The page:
The man from Premium Times, Ibanga Isine, tried to be more direct, and I caught him ask questions about ‘inclusiveness’ (that same question the president was asked at the US Institute of Peace), the aspect about the South-East feeling a bit left out. And also he asked the question about the government and its security agencies disobedience of court judgments. I have seen people say the Premium Times guy was taking things personal. The president’s answer to the first question about Igbos was well… not good. The reason behind the disobedience to court judgment too… not tactical enough. I would have preferred the president emphasising our Nigerian-ness, and promising more inclusion of every group, rather than ‘the CBN governor is Igbo, the NNPC GMD is Igbo…’ I would have also hoped that even if he may want to disobey court orders because of the gravity of some people’s offences, he should do so without making any official statement about it, and we should be careful lest we institute an environment of anarchy – as people will soon take the courts less serious since the president has said it is okay to disobey them if you believe people may jump bail (even if verdicts have not been reached). God help those who fall into the traps of their nearest District Police Office (DPO). Better to deal with errant judges towards court reform, than rubbish courts entirely.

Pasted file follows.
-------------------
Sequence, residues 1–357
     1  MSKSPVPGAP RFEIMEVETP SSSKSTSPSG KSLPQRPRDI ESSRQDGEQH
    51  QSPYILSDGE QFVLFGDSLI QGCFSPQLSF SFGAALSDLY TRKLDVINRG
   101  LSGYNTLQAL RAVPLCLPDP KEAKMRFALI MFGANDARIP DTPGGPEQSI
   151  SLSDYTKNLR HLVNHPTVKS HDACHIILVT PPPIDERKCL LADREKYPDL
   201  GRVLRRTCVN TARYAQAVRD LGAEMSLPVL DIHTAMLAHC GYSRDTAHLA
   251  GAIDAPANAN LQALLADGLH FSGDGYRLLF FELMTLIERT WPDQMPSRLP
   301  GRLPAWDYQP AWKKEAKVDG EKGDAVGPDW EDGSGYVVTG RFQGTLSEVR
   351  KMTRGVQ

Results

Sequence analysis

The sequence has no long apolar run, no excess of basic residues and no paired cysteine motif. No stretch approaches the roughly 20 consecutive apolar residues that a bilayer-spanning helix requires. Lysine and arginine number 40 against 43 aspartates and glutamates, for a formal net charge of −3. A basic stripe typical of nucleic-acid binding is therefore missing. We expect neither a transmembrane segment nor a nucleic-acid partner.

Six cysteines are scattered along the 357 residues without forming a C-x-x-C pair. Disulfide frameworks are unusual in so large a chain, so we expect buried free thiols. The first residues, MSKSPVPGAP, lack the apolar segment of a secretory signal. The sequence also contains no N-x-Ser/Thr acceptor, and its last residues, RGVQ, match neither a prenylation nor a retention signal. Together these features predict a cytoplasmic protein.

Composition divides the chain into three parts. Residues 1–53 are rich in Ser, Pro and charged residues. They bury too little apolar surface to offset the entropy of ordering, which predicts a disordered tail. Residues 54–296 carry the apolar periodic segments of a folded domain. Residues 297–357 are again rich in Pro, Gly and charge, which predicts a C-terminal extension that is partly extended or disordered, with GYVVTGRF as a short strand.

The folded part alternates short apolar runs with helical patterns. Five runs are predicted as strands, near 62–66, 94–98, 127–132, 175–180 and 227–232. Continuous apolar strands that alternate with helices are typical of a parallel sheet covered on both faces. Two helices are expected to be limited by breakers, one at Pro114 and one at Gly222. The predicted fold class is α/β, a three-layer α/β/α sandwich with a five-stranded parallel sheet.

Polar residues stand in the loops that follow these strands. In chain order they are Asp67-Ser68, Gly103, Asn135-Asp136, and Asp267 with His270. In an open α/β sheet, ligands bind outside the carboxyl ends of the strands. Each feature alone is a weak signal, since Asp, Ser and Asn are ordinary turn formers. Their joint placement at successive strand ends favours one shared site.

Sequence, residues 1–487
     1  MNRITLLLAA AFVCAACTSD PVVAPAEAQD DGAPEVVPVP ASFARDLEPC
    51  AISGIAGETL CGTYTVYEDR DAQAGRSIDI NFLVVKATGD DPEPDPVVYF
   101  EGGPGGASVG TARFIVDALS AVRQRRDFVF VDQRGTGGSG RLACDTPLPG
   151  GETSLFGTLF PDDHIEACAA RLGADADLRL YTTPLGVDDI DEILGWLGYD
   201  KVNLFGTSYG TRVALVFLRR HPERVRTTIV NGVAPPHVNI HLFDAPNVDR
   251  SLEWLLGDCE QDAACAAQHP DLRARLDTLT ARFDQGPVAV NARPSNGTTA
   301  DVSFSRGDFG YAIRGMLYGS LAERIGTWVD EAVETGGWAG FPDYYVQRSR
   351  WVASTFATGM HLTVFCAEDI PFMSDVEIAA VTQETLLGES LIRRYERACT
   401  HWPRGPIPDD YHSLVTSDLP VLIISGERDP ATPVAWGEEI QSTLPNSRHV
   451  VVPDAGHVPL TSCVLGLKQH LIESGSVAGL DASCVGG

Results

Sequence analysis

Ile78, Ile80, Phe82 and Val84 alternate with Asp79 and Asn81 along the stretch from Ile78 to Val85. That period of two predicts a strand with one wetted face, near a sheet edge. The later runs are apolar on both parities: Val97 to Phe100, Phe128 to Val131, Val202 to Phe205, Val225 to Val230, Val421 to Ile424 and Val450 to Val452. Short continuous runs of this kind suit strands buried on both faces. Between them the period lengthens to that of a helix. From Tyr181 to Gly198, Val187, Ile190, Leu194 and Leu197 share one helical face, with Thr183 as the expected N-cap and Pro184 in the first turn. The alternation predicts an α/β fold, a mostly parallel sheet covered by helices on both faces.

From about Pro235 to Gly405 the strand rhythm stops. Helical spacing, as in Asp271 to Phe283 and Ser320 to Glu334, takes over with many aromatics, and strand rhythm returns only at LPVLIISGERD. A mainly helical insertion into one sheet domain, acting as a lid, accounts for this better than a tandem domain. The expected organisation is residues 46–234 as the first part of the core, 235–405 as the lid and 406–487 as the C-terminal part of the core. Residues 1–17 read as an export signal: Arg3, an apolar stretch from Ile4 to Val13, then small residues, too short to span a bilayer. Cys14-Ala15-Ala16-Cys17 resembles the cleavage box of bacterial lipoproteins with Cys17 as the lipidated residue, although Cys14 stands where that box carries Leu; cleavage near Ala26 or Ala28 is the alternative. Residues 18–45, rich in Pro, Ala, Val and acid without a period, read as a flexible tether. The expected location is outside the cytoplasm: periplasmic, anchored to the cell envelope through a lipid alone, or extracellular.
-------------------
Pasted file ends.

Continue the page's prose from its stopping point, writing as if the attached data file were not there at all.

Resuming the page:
I believe the journalists did well. The excoriation of the journalists I have seen on social media is not justified. Kayode Akintemi of Channels was professional. I didn’t hear my own Editor-in-Chief (Mannir Dan-Ali – Daily Trust) say anything though. Again, when you are with the president, you don’t behave like a mad dog. You listen more than you talk. But worse than not asking tough questions, is the un-critical praise of everything the man says, afterwards especially on social media.

Meanwhile, one very critical problem that no president has been able to solve – and the chief reason behind the lethargy, inefficiency, corruption and frustration in the ‘civil’ service – is the ‘shitty’ pay they get officially. Attached herewith is the breakdown of the total entitlements for people who work in our civil service (consolidated basic + allowances). From this, you will see that Assistant Directors – after 20 years of work – earn about N120,000 per month. The highest level in the service (G16 step 9), goes home with like N450,000 monthly. That is after like 33 1/2 years of work, and at the level of Director. These are grandfathers and grandmothers, or at least people with children in university and great expectations from the society.